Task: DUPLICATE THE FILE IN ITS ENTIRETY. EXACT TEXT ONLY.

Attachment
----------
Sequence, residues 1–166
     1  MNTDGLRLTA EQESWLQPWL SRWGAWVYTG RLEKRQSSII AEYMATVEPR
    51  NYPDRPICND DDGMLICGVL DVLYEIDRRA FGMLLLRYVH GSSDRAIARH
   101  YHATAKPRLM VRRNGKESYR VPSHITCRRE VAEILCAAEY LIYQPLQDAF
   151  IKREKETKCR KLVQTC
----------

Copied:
Sequence, residues 1–166
     1  MNTDGLRLTA EQESWLQPWL SRWGAWVYTG RLEKRQSSII AEYMATVEPR
    51  NYPDRPICND DDGMLICGVL DVLYEIDRRA FGMLLLRYVH GSSDRAIARH
   101  YHATAKPRLM VRRNGKESYR VPSHITCRRE VAEILCAAEY LIYQPLQDAF
   151  IKREKETKCR KLVQTC